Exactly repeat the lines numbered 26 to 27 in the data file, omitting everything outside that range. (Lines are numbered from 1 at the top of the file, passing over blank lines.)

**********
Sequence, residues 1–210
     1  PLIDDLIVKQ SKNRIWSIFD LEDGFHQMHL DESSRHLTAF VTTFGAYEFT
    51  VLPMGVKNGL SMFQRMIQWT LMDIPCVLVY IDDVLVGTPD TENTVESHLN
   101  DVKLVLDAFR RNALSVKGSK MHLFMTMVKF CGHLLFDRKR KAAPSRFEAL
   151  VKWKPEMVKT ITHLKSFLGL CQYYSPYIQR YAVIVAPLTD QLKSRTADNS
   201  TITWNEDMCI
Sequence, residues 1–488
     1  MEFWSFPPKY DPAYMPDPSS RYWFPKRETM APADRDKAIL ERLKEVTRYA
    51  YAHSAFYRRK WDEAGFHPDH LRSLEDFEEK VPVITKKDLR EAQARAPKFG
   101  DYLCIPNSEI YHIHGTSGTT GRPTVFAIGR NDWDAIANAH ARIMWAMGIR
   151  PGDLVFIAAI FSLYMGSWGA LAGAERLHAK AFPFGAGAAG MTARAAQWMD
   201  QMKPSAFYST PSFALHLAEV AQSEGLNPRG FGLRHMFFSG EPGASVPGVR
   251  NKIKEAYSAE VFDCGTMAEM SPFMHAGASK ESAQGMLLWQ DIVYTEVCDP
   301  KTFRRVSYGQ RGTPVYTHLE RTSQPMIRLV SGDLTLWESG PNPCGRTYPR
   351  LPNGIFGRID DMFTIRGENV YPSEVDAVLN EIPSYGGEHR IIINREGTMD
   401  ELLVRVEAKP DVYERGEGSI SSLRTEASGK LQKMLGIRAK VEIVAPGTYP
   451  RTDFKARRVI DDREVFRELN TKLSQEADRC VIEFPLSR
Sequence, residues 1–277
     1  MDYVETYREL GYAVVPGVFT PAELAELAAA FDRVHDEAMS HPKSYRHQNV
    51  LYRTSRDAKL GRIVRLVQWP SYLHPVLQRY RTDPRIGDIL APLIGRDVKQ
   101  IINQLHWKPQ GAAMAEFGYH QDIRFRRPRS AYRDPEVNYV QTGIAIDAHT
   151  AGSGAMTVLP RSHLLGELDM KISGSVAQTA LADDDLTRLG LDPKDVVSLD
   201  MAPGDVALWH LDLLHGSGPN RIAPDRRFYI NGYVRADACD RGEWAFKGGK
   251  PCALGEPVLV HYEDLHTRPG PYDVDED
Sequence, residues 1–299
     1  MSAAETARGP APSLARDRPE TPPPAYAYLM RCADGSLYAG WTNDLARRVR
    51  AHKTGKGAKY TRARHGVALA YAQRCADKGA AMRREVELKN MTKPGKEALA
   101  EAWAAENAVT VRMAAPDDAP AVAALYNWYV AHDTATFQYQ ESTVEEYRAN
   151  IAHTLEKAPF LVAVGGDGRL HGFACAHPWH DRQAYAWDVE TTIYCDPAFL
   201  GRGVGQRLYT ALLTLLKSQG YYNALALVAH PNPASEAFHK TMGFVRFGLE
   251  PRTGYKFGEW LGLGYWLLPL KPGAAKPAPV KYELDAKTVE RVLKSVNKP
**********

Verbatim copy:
     1  MSAAETARGP APSLARDRPE TPPPAYAYLM RCADGSLYAG WTNDLARRVR
    51  AHKTGKGAKY TRARHGVALA YAQRCADKGA AMRREVELKN MTKPGKEALA